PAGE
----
Across natural languages, the difference between the two conditionals is reflected in their linguistic ingredients. Many unrelated languages use the past tense in the antecedent of counterfactual conditionals, as in (1a). Most linguistic work on conditionals is focused on deriving the semantic and pragmatic differences between counterfactual and indicative conditionals from the compositional interpretation of their linguistic ingredients. A successful semantics for these conditionals should be able to capture the cross-linguistic patterns in forming counterfactuals, namely the presence of past tense morphology in the antecedent of counterfactual conditionals across unrelated languages. In particular, it should be able to answer this question: What is the contribution of ‘past’tense to the meaning of counterfactuals? Crucially, it should also be able to account for the cross-linguistic variation in the expression and the interpretation of counterfactuality.

Persian counterfactuals are also formed via past tense. Unlike English and other languages that  use past tense to express counterfactuality, however, the counterfactuality of antecedents of Farsi counterfactual conditionals is not cancelable. In this talk, I aim to answer this question:

what is the source of cross-linguistic variation in the interpretation of counterfactuals formed via past tense?

Wednesday |Februrary 16, 2022

8:00 am – 9:30 am (Arizona)




This coming Wednesday, October 13, we'll welcome Dr.Amir Anvari (Linguistics department at MIT) as our second LILA speaker of the fall.

Here are the title and abstract. The talk will be over zoom. 

Title: On the proper treatment of intensionality

Abstract: In some languages indexicals can shift, i.e., can refer to objects other than those that make up the actual speech event. Schlenker (1999) took this observation to be pointing to a view of language in which attitudinal predicates quantify over contexts, and indexicals involve variables that, when bound by attitudes, shift. On this view, indexical and anaphoric expressions are both governed by the same quantificational logic with explicit variables. However, subsequent work (in particular, Anand 2006 and Deal 2017/2020) uncovered a host of cross-linguistic generalizations that suggest a tight typology of shifty indexicals, one that does not seem to justify the massive expressive power of Schlenker's variable-based proposal. Therefore a parameter-based analysis of the facts was proposed, one in which context-shifting operators, chained by an array of syntactic stipulations, may overwrite the context parameter relative to which expressions are interpreted and shift indexicals in the process, but in a manner restricted enough to handle the typology. Indexical shift, then, provides the strongest case available against the variable-based treatment of intensionality. In this talk, I will explore two problems for the parameter-based approach, one specific to indexical shift and one general. The specific challenge comes from the temporal adverbials "do ruz dige" in Farsi (roughly, "in two days" in English). I will argue that the parameter-based approach does not have the resources needed for an adequate analysis of this expression. The general challenge will come from the copy theory of movement (Chomsky 1996, and much subsequent work). I will argue that copy theory, regardless of details of implementation, both over- and under-generates readings unless it is paired with a variable-based account of intensionality.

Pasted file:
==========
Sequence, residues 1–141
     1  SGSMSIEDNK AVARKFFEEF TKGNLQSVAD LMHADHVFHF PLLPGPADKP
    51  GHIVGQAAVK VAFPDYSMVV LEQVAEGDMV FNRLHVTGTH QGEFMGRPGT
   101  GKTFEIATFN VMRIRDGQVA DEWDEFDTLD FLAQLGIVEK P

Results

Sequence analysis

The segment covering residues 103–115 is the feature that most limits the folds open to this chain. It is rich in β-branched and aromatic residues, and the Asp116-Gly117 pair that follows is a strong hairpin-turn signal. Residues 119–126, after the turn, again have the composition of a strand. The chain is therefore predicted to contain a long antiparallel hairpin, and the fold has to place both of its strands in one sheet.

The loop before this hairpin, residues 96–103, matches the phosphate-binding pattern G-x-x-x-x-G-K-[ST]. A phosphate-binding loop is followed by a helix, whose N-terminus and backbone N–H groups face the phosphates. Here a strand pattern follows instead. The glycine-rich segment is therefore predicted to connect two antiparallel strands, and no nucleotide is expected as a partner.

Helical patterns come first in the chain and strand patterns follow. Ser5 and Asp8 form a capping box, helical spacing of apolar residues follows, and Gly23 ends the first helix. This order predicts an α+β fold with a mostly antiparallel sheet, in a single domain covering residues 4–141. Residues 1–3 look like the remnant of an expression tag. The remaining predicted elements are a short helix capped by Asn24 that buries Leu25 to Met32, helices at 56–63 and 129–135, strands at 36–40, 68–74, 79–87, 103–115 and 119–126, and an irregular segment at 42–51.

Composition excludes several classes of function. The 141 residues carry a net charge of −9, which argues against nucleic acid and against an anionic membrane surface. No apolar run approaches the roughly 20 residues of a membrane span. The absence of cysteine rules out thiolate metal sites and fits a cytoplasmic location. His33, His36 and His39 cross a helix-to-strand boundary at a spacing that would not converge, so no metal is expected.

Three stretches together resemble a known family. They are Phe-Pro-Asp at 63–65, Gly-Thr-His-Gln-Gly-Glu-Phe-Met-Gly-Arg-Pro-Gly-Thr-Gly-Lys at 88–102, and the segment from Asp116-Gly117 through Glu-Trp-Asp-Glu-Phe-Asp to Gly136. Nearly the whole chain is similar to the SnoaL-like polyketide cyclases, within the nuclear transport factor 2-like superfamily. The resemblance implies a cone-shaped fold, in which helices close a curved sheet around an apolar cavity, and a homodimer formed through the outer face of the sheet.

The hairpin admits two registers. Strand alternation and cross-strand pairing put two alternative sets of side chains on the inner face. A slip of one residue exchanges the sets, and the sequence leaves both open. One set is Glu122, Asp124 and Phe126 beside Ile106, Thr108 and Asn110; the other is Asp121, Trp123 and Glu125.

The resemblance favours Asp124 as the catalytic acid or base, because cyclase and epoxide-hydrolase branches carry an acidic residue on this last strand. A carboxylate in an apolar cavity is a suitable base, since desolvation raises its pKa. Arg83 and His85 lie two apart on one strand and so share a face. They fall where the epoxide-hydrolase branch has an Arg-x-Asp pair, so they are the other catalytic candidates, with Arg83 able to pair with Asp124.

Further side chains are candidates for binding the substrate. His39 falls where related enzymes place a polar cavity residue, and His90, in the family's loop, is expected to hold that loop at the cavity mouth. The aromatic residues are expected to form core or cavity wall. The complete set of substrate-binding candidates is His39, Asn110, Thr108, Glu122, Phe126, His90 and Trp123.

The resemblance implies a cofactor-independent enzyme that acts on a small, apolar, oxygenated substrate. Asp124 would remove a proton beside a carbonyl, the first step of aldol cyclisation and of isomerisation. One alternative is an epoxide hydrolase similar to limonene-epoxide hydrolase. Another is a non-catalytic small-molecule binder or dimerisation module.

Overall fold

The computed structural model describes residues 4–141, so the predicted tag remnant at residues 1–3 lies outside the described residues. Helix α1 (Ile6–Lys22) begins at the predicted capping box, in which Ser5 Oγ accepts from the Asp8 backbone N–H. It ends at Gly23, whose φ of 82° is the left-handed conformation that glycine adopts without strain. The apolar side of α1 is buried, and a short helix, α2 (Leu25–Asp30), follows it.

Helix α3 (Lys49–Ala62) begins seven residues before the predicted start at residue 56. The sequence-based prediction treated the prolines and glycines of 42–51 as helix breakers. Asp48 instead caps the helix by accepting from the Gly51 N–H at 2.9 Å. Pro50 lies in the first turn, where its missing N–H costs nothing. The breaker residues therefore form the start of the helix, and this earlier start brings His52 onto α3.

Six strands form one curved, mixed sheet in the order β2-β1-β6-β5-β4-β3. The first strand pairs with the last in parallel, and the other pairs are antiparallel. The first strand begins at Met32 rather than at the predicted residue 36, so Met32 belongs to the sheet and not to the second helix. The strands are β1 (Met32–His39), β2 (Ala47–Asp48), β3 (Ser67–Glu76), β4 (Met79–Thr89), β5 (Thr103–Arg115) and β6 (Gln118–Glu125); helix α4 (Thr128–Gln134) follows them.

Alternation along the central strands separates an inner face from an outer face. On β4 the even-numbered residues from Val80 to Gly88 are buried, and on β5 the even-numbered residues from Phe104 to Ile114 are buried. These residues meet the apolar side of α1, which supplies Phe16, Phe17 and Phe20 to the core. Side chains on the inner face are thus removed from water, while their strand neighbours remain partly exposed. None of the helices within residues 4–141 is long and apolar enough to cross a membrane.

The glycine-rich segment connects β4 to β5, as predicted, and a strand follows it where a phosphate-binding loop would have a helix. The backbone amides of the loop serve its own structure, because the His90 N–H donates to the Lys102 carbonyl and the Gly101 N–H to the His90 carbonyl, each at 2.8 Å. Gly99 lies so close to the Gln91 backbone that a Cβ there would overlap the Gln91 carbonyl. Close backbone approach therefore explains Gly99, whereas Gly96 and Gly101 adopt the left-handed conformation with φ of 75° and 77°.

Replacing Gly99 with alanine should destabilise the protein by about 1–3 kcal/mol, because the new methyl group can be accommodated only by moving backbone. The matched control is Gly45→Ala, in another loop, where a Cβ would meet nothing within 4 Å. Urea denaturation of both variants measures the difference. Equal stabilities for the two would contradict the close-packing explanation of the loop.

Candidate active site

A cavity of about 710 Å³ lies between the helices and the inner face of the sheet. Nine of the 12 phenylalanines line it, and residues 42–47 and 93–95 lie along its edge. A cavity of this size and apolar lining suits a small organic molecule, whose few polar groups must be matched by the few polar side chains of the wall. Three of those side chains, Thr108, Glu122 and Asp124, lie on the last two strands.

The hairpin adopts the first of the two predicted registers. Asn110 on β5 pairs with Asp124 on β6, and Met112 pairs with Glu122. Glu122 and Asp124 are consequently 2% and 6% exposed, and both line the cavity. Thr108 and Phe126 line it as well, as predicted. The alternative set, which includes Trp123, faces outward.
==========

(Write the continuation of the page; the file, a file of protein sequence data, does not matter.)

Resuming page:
Wednesday |October 13, 2021

8:00 – 9:00 (Arizona) 

18:30 - 19:30 (Tehran)